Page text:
In 2006 auteur Kihachiro Kawamoto gathered a veritable collection of animators from all over the world to animate one link in a renku session (link verse) between the haiku poet Matsuo Basho and 5 other poets, creating the film Winter Days. The film‘s polyphonic direction demonstrates the very heterogeneity in a renku, demonstrating at once Japanese animation’s returned introspection into the Japanese literary tradition, and its place as among the most avant garde in the international animation scene. The film is also notable for being the first to be dedicated to poetry.
One of anime’s most prestigious time slots, Fuji Television’s NoitaminA , was given to a series produced by Toei Animation in 2006 called Ayakashi: Samurai Horror Tales. The series actually consists of three independent narratives, the first two of which are adaptations of famous Japanese plays. The first story is of the most famous plays in the Japanese dramatic repertoire, Yotsuya Kaidan by Tsuruya Namboku IV. Based on perhaps the most famous Japanese horror story, this kabuki play has acquired the same jinxed reputation as Shakespeare’s Macbeth, and the anime adaptation, to the delight of many literary buffs, points that out explicitly. The second story, Tenshu Monogatari, is based on a play by Kyoka Izumi. More a tragic love story than a horror story, this play nevertheless demonstrates the Japanese knack for making a striking tragedy, and captures that Muromachi aesthetic of yugen, transcendental mystique.
In 2009 NoitaminA aired another literary adaptation, Genji Monogatari Sennenki. Casual fans of Japanese literature will be familiar with Murasaki Shikubu’s opus. My attempt to watch this series did not fare well: I was not in a state of mind for watching a literary adaptation when I tried it, so I ended up abandoning it after the first episode. What I can say though is that it demonstrates that exquisite background design that is making the adaptation of Japanese literature en vogue in the past decade. I intend to give the series another chance in the near future.
I cannot fail to mention here one of the few titles explicitly dedicated to literature: Aoi Bungaku, a 2009 series in the same multi-narrative and collaborative fashion started in Winter Days and continued in Ayakashi. Aoi Bungaku contains 6 different stories, each interpreted by a different group of animators. In order, they are: No Longer Human (based on the classic novel by Osamu Dazai); Sakura no mori no mankai no shita (based on the short story by Ango Sakaguchi); Kokoro (based on the novel by Natsume Soseki); Run, Melos! (based on another novel by Osamu Dazai); The Spider’s Thread (based on a short story by Ryunosuke Akutagawa); and Hell Screen (based on another short story by Akutagawa). As can be observed, the adaptations are all based on works right before to after the Meiji Restoration, which brought a great wave of western influence into Japanese intellectual life. No Longer Human, with its gloomy colors and faint background music, captures the overall sense of depression the dominates Dazai’s novel (and ultimately his life). Sakura no mori no Mankai no shita can only be described as strange, and it being exquisitely difficult to find the original story, I have no point of reference. Strangely enough, I do not recall my impressions when I watched Kokoro, Run, Melos! and Hell Screen, and I intend to also rewatch these episodes when time permits. The adaptation of The Spider’s Thread, a must read for any fan of literature, feels short of giving justice to this classic Akutagawa story.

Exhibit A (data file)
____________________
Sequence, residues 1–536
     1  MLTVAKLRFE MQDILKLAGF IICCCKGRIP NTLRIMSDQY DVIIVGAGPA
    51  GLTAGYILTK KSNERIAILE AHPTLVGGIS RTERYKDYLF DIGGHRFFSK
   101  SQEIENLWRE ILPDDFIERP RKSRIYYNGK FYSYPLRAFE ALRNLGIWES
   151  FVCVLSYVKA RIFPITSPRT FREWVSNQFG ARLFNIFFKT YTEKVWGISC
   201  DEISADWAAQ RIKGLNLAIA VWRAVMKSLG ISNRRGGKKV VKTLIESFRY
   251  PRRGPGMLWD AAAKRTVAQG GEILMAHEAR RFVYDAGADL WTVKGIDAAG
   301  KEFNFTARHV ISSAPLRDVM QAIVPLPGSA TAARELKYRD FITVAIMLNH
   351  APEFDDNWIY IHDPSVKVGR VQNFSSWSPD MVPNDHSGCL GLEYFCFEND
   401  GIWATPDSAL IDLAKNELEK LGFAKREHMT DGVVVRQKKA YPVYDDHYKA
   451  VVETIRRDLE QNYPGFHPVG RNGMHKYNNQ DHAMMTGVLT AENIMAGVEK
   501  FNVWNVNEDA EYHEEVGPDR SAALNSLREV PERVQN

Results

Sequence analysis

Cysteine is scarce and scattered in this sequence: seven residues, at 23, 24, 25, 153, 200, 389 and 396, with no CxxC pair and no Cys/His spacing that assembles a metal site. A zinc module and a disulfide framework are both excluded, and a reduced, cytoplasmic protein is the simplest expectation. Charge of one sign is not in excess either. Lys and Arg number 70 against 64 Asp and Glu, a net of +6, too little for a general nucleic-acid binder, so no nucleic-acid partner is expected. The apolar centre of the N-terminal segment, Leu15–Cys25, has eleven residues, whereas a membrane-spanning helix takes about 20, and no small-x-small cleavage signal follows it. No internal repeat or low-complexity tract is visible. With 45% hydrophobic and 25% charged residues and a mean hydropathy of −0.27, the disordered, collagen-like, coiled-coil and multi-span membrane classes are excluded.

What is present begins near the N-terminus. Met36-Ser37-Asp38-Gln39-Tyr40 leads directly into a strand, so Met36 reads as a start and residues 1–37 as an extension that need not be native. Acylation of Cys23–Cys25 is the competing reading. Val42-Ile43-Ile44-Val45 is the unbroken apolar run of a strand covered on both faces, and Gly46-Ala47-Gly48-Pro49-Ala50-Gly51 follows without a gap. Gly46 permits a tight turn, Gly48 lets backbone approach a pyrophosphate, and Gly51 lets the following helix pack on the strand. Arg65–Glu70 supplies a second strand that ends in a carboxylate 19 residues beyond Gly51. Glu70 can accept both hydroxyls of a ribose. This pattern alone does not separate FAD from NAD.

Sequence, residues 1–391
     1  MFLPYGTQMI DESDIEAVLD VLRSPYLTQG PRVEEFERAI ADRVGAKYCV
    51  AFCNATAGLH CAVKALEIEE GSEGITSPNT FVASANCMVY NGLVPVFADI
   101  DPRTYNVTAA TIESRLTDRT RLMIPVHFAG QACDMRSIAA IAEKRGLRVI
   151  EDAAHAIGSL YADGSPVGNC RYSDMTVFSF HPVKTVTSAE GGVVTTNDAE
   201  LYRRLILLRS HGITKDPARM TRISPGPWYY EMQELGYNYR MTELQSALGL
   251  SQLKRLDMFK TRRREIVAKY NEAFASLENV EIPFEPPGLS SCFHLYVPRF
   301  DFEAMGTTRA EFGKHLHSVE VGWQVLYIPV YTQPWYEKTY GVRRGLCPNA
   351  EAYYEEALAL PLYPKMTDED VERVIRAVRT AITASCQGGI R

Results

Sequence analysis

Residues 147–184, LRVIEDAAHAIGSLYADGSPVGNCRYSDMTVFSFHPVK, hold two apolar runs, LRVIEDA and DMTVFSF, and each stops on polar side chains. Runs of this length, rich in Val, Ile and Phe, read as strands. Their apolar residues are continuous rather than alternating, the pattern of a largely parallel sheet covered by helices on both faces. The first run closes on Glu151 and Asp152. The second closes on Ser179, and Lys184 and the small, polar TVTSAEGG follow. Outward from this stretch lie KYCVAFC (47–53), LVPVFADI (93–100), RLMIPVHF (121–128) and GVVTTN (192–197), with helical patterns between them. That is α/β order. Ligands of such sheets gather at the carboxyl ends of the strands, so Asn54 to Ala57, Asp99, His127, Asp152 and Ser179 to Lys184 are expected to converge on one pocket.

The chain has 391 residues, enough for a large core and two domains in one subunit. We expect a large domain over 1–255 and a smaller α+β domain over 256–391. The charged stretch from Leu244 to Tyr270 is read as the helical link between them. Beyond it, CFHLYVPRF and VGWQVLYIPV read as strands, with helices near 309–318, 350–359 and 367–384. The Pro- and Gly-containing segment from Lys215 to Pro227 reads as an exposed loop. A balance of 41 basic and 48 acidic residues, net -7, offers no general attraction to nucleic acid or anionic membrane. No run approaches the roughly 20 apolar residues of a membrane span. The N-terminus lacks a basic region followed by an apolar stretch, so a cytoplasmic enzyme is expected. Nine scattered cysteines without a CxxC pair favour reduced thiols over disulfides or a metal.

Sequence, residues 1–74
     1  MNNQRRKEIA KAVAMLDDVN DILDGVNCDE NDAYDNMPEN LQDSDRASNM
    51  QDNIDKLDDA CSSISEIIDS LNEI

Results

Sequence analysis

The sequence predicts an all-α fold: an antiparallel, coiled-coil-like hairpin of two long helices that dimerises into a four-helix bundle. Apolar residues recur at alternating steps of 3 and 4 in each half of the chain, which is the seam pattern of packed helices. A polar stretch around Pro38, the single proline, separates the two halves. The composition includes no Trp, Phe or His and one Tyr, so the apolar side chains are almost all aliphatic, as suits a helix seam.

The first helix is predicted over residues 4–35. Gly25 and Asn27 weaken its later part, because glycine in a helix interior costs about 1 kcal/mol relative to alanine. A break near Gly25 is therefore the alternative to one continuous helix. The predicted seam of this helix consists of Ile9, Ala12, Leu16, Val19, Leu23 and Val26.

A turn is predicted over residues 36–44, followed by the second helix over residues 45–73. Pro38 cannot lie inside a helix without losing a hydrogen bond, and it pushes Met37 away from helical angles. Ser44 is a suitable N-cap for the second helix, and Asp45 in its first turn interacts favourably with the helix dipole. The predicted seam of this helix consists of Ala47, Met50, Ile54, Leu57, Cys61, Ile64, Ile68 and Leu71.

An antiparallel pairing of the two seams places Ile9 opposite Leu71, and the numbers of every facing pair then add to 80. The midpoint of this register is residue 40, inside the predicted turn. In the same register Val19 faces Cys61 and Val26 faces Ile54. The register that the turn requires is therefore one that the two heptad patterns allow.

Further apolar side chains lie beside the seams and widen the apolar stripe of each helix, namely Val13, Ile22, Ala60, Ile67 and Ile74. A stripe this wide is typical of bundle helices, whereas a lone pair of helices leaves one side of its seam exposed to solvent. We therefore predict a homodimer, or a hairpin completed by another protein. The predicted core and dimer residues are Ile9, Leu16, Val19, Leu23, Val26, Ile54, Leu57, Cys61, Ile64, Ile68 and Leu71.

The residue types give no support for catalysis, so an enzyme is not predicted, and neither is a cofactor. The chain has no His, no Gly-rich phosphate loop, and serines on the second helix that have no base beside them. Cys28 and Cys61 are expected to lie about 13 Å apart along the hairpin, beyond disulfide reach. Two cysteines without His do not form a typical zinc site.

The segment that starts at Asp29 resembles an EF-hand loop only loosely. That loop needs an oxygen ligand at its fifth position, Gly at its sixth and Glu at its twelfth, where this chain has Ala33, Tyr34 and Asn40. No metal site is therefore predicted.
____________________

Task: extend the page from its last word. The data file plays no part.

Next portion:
NoitaminA featured another literary adaptation in 2011 with Un-Go, a series loosely based on the novel Meiji Kaika Ango Torimono-chō by Ango Sakaguchi. The series, which sets the Meiji detective novel into the distant future, in itself is delightfully interesting and intelligent, with very round characters and many points of moral dilemma to ponder on. But access to Sakaguchi’s work proves once again to be difficult, and I cannot make a decent assessment as to its quality as an adaptation. But, considering how Sakura no mori was treated in Aoi Bungaku, I cannot help but be curious what in Sakaguchi’s works attracts avant garde (and downright bizarre) adaptations!
This year, another anime dedicated to literature is running, Chouyaku Hyakunin Isshu: Uta Koi. It is a “liberal interpretation” of the Ogura Hyakunin Isshu (the anthology of 100 waka poems compiled by Fujiwara no Teika), and features Teika himself talking about the background stories behind each poem. Because much of Heian poetry is highly private, to be given access to the back story with the appealing modernity of anime best represents how anime in general brings what should have been High Culture to popularity. And because there are subtle elements in this series that hint at homage to classic artistic motifs (such as the clouds and pine trees in the backgrounds), it also elevates the popular to the level of high culture. Perhaps to best demonstrate it, Ariwara no Narihira, the classic Heian beau homme, becomes the iroppoi ikemen bishounen, and consequently, the contemporary iroppoi ikemen bishounen is paralleled to the standard of Heian court gallantry. And this ultimately shows that though the Superflat remains, the Japanese are slowly returning to the appreciation of their native cultural heritage.
I am certain, though, that this list (and consequently the evolution of Japanese aesthetics) won’t end with just that! I have yet to see adaptations of many popular Akutagawa stories, as well as the widely anthologized play Aya no Tsuzumi, and Sei Shonagon’s Pillow Book. With endless possibilities and unlimited sources of material, anime adaptations of literature will continue well into the future, demonstrating and influencing that remarkable people’s artistic sensibilities.